Sunday, February 21, 2010

Le Masque presents Baroque music at the Jerusalem Music Centre

Three members of Le Masque Baroque Music Ensemble from France performed a concert at the Jerusalem Music Centre February 17th 2010. Founded in Strasbourg in 1996 by Marc Hervieux, the ensemble includes several instrumentalists and singers involved in the performing of European music of the 17th- and 18th centuries. Those performing at this concert were Marc Hervieux (recorders), Lisa Erbes Baroque (‘cello) and Eva Valtova (harpsichord). The program focused on Italian aspects of Baroque style, Italian musicians having been at many of the courts of Europe in the 18th century. In their program notes Le Masque sets the scene for its audience by quoting German composer, flautist and teacher Johann Joachim Quantz’s description of the Italians as “unrestrained, sublime, lively, expressive, profound, free, daring, bold, extravagant…”

The evening opened with Michel Blavet’s ((1700-1768) Sonata in D minor “La Vibray”. A French court composer, flautist and bassoon player, Blavet was famous for his flute playing – his singing tone and brilliant technique set new technical standards throughout Europe. The Le Masque trio’s reading of his Sonata in D minor was gently swayed, with attention to ornamenting and dissonances, Hervieux bringing out the expressive quality of the piece. During the evening we also heard sonatas for recorder and basso continuo by Handel and Corelli. In the lively acoustic of the Jerusalem Music Centre’s auditorium, the ‘cello was occasionally a little too powerful.

An unusual item on the program focused on two of William Babell’s (c.1685-1723) transcriptions for harpsichord of pieces by Georg Friedrich Handel. Babell, an English church organist, violinist and harpsichordist in King George’s “Private Musick” was known as a brilliant improviser. His transcriptions of parts of Handel’s “Rinaldo” bristle with extravagant ornaments, leaving room for very few additions by the player. Handel, who had been Babell’s composition teacher, commented that Babell’s embellishments were so difficult that only Babell himself was capable of playing them! Czech-born Eva Valtova took up the challenge of performing the two pieces, presenting the rich textures and virtuoso passagework with mostly clean precision and energy. Seldom heard in the concert hall, these pieces made for fine listening.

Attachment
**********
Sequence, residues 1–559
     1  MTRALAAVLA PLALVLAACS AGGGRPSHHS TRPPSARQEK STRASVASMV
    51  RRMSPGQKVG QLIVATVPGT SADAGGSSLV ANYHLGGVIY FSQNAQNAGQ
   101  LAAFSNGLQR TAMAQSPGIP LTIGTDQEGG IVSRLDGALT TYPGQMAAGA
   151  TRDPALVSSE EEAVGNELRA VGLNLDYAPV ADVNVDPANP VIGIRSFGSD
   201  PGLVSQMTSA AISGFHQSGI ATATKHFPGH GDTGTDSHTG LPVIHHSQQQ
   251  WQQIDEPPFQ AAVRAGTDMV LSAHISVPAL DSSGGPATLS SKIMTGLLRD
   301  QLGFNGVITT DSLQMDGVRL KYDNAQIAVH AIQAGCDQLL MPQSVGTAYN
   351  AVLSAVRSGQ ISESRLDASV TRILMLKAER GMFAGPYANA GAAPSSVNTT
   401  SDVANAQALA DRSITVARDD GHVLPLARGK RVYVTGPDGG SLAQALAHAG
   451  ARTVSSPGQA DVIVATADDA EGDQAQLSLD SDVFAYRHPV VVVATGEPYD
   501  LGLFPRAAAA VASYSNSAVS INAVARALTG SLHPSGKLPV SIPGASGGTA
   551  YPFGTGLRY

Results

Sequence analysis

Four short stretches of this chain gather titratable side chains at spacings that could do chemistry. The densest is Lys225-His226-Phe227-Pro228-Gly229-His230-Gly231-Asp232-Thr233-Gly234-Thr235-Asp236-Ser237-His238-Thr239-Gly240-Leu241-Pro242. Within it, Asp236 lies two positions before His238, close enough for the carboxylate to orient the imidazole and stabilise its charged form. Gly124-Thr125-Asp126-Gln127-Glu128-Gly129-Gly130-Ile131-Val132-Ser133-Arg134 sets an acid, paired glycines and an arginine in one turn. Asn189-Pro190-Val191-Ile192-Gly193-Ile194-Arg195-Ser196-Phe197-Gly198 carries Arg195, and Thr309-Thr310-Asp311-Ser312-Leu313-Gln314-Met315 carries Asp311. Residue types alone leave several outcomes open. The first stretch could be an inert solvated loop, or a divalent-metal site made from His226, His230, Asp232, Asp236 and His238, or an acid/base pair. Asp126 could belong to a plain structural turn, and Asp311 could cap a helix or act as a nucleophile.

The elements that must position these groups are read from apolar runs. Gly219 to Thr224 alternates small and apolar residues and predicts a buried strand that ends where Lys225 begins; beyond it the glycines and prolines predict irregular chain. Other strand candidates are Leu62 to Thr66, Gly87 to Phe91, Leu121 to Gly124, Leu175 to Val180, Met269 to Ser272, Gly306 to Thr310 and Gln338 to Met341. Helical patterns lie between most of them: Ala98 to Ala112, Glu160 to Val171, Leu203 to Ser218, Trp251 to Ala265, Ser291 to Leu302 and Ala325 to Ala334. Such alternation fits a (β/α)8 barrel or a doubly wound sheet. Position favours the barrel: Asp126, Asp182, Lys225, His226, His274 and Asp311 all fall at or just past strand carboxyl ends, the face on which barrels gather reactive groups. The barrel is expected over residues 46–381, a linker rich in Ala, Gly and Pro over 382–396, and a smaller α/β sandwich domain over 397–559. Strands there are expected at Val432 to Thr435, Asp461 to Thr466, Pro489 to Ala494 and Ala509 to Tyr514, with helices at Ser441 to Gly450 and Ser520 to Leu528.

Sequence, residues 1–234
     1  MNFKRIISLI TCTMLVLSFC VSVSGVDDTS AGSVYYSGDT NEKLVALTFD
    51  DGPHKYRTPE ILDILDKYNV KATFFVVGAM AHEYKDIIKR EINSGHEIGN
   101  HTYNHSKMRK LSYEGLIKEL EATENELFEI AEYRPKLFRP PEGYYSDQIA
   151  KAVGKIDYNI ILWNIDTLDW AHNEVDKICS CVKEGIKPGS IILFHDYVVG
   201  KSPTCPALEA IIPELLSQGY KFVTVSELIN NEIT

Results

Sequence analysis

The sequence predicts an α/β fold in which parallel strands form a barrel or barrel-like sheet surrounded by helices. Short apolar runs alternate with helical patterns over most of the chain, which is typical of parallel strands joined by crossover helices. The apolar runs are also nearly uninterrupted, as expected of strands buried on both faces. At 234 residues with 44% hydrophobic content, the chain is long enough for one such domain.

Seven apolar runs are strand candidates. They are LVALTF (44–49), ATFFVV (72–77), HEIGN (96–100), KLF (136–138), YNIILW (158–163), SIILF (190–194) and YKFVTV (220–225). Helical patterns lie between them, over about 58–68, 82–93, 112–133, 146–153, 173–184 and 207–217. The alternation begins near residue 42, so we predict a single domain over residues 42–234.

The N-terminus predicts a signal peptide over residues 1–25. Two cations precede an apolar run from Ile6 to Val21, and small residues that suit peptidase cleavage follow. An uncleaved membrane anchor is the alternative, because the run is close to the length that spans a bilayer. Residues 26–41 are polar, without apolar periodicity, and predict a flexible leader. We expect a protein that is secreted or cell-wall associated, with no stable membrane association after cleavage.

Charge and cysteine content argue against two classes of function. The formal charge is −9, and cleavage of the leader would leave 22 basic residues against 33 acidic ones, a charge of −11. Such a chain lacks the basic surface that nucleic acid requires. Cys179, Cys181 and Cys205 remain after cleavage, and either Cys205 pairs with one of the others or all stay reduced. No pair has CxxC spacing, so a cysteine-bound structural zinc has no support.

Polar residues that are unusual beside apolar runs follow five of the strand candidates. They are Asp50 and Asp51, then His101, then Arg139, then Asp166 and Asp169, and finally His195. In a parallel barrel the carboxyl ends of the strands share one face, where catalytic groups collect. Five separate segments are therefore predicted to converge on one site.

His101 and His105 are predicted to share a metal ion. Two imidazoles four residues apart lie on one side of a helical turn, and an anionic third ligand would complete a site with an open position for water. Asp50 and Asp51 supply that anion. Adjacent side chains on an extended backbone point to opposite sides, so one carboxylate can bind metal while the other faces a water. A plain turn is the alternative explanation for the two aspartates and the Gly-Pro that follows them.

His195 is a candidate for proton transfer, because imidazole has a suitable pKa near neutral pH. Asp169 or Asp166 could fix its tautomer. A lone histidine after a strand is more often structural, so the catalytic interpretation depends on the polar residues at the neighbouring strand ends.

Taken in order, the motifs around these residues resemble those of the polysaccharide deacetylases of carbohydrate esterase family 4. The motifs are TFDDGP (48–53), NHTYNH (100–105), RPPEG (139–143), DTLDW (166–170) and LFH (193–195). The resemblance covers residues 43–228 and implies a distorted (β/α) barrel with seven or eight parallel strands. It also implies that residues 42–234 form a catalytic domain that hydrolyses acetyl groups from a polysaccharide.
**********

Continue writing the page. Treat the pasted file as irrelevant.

Of particular interest was French composer Jean-Baptiste Barriere’s (1707-1747) Sonata for ‘Cello and Basso Continuo in B flat major. Barriere, originally a viol player, took up the ‘cello when it was fast becoming the more fashionable instrument in France, becoming a brilliant exponent of it. His ‘cello sonatas, combining Italian style with French taste, are technically highly demanding. Lisa Erbes’ performance addressed the many mood changes, humor and capriciousness of the piece, never allowing her technical virtuosity and ease to overshadow articulacy and the meaning of the music.

Hervieux and Erbes chose to play two of Domenico Scarlatti’s (1685-1757) keyboard sonatas on recorder and ‘cello. In the E minor Andante (K 291) Hervieux spelled out the mellow tones of the upper line on the voice flute; in the D minor tri-partite sonata (K89) Hervieux played the alto recorder, lavishing the middle Grave movement with much beautiful ornamentation.

Marc Hervieux performed one of Joseph Bodin de Boismortier’s (1689-1755) Solo Suites for Flute Solo opus 35 (1731), originally written for the Baroque transverse flute. Boismortier was one of the forerunners of the Italian style on French music. Hervieux’s performance of it was brilliantly presented, intense and alive and with ornaments, finger vibrato and invention – a veritable tour-de-force. Throughout the evening, the audience enjoyed Hervieux’s inspiring and stylistic recorder playing; he is a true master of the instrument and its literature, his tone mellifluous, his technique and ideas ever serving the musical plot.

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